Kashrut Alert: Hershey’s Cookies ‘n Chocolate

23 Iyar 5771
May 27, 2011

hershey2The following kashrut alert was released by the OU. Photos of the product as it is being sold in Israel appear below.

The product is sold in Israel with a sticker placed by the importer that contains an unauthorized OU symbol. This product is not certified by the OU and the sticker did not originate from the Hershey Chocolate Company.

JKN ADDS: As I tell the tzibur in my lectures, one must never buy a product with an import label unless the kashrus symbol is visible on the original factory wrapper or packaging. This policy avoids falling victim as in this case.

If one views the photos one will see that the OU appears on the import label only. We must not assume there is a valid hechsher under the label. 
 

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9 Comments

  • David
    May 27, 2011 - 12:36 | Permalink

    What about the “ishur rabbanut harashi” bit?
    Was this also printed fraudulently?

    YECHIEL: One can only assume so since the Chief Rabbinate does not approve and item prior to confirming its kashrus.

  • Chana
    May 28, 2011 - 20:46 | Permalink

    Re: never buying a product with an import label unless the kashrus symbol is visible on the original factory wrapper or packaging:

    This doesn’t always hold true, as is the case with Toblerone, which has an OK on the import label but not on the original packaging. I have confirmed this with the OK.


    YECHIEL
    : And not all Toblerone sold here is kosher either, depending on country of origin so beware before you buy. Too many generalizations regarding brands imported and too little knowledge.

  • Yitzy
    May 29, 2011 - 07:59 | Permalink

    You may also notice that the actual package reads “manufactured in Brazil for…” while the Hebrew label states יצרן: הרשי קומפני ארה״ב implying made in the US.

  • David
    May 29, 2011 - 10:35 | Permalink

    I have another example to support Chana:-

    “Chocolate Chip & Butter Cookies original danish recipe”

    Nothing else but this title appears on the front of the tin box.

    On the back of the box all there is actually printed on is a couple of codes and a sell-by date. The importer’s label is also stuck on the back and most of the meaningful information is printed on this in Hebrew and Arabic.

    It says on the importers’ label that it is from Wili Food, and the hechsher is triangle-k-d; for those who eat non-jewish butter ; Afiat Yisrael (Jewish baking) ; llo hashash chadash (no possibility of chadash); b’ishur harabbanut harashit l’yisrael (under authorisation of the Israeli Chief Rabbinate).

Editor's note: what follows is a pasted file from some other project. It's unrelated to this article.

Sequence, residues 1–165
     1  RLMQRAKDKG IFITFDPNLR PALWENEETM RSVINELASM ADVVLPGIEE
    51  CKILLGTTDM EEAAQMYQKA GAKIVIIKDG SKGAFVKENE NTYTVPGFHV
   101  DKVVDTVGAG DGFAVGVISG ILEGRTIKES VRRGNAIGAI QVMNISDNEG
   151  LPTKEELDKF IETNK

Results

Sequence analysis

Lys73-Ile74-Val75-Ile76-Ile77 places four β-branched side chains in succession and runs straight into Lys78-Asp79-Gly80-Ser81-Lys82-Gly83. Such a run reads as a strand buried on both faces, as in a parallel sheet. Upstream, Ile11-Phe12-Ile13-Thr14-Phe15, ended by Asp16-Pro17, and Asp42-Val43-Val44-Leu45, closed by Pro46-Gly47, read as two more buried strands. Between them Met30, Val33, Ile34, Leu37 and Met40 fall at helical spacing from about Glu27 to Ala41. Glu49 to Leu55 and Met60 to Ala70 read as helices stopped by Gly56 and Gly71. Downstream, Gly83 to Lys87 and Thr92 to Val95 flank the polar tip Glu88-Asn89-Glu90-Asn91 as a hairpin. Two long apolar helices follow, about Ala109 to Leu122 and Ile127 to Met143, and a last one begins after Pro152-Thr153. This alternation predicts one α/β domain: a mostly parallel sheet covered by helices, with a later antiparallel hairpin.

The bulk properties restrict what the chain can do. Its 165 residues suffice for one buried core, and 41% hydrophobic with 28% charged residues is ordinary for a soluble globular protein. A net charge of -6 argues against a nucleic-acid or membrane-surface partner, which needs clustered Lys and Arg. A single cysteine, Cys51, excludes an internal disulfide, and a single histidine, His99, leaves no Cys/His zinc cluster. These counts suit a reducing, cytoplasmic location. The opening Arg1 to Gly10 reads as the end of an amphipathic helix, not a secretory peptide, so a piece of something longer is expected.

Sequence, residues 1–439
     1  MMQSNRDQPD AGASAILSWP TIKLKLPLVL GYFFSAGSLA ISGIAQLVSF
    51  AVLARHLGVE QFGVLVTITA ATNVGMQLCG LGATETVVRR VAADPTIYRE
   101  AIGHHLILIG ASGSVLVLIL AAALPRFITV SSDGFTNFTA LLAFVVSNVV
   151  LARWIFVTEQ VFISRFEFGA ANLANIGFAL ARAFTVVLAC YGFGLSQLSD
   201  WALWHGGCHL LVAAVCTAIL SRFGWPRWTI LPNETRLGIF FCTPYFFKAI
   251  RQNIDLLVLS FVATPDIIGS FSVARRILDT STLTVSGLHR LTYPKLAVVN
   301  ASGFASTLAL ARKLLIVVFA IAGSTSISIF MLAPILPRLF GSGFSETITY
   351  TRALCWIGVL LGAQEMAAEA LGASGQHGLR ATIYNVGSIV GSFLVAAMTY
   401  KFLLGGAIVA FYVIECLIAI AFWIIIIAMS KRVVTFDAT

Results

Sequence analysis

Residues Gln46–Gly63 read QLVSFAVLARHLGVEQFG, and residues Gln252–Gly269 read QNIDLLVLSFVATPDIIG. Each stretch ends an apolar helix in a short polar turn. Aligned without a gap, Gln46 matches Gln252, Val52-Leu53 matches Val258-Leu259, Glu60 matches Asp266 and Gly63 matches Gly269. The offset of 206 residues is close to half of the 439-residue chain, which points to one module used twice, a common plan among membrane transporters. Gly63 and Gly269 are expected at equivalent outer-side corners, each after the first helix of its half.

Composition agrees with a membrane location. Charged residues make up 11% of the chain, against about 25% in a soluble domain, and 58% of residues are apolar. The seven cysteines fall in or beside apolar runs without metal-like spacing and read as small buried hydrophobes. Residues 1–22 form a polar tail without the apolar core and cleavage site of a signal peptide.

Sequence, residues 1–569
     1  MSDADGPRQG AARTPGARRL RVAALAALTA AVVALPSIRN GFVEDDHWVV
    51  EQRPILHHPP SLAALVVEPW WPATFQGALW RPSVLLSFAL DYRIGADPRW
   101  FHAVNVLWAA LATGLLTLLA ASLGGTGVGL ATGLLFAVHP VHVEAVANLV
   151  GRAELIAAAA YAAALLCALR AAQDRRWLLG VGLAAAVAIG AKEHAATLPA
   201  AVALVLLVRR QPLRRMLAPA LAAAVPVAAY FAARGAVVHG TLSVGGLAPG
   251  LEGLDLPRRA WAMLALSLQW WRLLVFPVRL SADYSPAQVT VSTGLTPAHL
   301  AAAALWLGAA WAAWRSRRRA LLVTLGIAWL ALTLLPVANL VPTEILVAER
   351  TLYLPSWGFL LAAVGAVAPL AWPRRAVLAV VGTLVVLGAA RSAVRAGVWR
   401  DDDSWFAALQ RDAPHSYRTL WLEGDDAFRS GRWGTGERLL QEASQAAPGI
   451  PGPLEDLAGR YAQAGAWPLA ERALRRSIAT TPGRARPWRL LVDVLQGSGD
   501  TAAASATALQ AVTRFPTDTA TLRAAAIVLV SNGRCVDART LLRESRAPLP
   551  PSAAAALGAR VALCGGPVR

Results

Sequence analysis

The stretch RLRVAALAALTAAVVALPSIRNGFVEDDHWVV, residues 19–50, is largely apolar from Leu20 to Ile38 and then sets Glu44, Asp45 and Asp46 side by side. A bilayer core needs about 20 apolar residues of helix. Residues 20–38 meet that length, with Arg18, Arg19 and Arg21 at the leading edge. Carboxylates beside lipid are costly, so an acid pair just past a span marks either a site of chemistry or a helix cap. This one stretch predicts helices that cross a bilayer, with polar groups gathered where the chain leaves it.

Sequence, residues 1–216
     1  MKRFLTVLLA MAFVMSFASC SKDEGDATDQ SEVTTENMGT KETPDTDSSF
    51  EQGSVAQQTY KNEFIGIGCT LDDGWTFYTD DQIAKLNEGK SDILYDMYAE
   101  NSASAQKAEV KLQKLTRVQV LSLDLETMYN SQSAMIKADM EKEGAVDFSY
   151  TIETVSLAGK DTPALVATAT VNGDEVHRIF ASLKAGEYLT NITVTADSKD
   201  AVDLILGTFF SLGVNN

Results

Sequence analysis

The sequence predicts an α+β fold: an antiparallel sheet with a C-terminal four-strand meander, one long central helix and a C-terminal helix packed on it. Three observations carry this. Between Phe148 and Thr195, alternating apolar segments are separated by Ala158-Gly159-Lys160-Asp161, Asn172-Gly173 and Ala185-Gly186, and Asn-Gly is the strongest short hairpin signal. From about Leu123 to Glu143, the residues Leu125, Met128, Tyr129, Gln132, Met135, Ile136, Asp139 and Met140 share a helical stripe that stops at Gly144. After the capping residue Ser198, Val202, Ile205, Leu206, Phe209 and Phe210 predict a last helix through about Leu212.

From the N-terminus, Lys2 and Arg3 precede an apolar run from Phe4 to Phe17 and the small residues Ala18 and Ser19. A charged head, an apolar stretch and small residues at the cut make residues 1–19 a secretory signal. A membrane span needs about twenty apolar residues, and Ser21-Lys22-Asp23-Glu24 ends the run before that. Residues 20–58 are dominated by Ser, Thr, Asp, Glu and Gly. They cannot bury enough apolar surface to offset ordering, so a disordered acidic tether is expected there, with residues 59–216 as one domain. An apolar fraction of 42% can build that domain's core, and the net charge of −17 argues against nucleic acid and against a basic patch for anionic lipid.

The product is made in Portugal.

    Although the product is not mehadrin (primarily I assume because of the butter), I trust that for those who rely on this standard it is kosher and not a fraud.

  • Simon
    May 30, 2011 - 11:52 | Permalink

    There seem to be quite a few legitamate “sticker only” hechsherim. It seems to me that the only way to justify only putting a hescher on the sticker and not the packaging itself is to have a website which can be used to corroberate the kashrut claim. It seems that this rarely, if ever, is possible. Can’t the cheif rabbanute publicise their records, so we, and mashgichim, can check the claim of the import label.

    Quite often the authority on the import label is a very local Rabbi – I had some cookies with a label from the “Rabbanite of Holland” and I checked their website and couldnt find that brand. Some other product claimed Kashrus from the “Sephardic community of Milan”. Without good online records, I have no way of knowing if such entities exist and provid kashrut to these products.

  • David
    May 31, 2011 - 13:25 | Permalink

    Simon mentions a product with the hechsher of the Rabbanite of Holland, but does not appear on the web site.

    Have just been told by someone from Holland, that there are occasionally products which are not kosher in Holland, but – probably because they have special production lines – are kosher here in Israel with the full authorization.

    A specific example is Menthos mints – although now also kosher in Holland – was a few years ago not kosher in Holland – but in additional to the Rabbnut Authoization had a chareidi hechsher on the product in Israel.

    I agree that it can sometimes be very confusing.

  • David
    May 31, 2011 - 14:26 | Permalink

    In addition to my previous comment about products from Holland, it should be noted that rarely one would find a Dutch product with the hechsher as an integral part of the product packaging. Also in the UK, the LBD logo started only a few years ago and it is not done in a big way like the America OU etc.

    Thus, typically, products from these companies, even when kosher in the countries where they were manufactured, would not have an explicit hechsher on the package. The London Beth Din calls this kosher status “approved”. From what I understand, it might not quite meet the same standard of supervision as an actual hechsher – which is why they advice to prefer products with hechsher.

    In such a case, I imagine the only possibility for the Israeli Rabbanut endorsement and any other Israeli hechsher, would be on the importer’s label.

  • Shy Guy
    June 9, 2011 - 17:44 | Permalink

    Chana, regarding Toblerone made in Switzerland, several years ago, the OK told me that the products must have the OK on the original packaging in order to assure it is under their supervision. Are you saying that this is no longer true?

  • David
    June 9, 2011 - 22:11 | Permalink

    From what I know, Toblerone from Switzerland, even without any logo, is approved by the Swiss Rabbinic authorities (but of course non-Jewish powdered milk). This has been true many decades. Please can someone correct me, if I am wrong.

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